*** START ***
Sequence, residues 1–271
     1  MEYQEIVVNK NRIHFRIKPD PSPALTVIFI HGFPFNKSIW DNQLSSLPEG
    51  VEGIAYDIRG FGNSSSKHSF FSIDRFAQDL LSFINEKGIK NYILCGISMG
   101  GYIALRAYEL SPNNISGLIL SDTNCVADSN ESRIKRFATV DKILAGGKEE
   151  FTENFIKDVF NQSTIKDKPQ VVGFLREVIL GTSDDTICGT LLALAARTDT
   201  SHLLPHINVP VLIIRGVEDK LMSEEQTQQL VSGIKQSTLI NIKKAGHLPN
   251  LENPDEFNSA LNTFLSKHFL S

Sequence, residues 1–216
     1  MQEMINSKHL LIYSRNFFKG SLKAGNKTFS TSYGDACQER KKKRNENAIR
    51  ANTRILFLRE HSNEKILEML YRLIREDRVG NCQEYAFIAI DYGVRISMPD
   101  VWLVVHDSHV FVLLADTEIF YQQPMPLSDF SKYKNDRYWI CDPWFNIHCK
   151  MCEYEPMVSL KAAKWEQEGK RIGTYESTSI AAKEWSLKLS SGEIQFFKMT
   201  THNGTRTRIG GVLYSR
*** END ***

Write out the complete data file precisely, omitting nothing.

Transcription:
Sequence, residues 1–271
     1  MEYQEIVVNK NRIHFRIKPD PSPALTVIFI HGFPFNKSIW DNQLSSLPEG
    51  VEGIAYDIRG FGNSSSKHSF FSIDRFAQDL LSFINEKGIK NYILCGISMG
   101  GYIALRAYEL SPNNISGLIL SDTNCVADSN ESRIKRFATV DKILAGGKEE
   151  FTENFIKDVF NQSTIKDKPQ VVGFLREVIL GTSDDTICGT LLALAARTDT
   201  SHLLPHINVP VLIIRGVEDK LMSEEQTQQL VSGIKQSTLI NIKKAGHLPN
   251  LENPDEFNSA LNTFLSKHFL S

Sequence, residues 1–216
     1  MQEMINSKHL LIYSRNFFKG SLKAGNKTFS TSYGDACQER KKKRNENAIR
    51  ANTRILFLRE HSNEKILEML YRLIREDRVG NCQEYAFIAI DYGVRISMPD
   101  VWLVVHDSHV FVLLADTEIF YQQPMPLSDF SKYKNDRYWI CDPWFNIHCK
   151  MCEYEPMVSL KAAKWEQEGK RIGTYESTSI AAKEWSLKLS SGEIQFFKMT
   201  THNGTRTRIG GVLYSR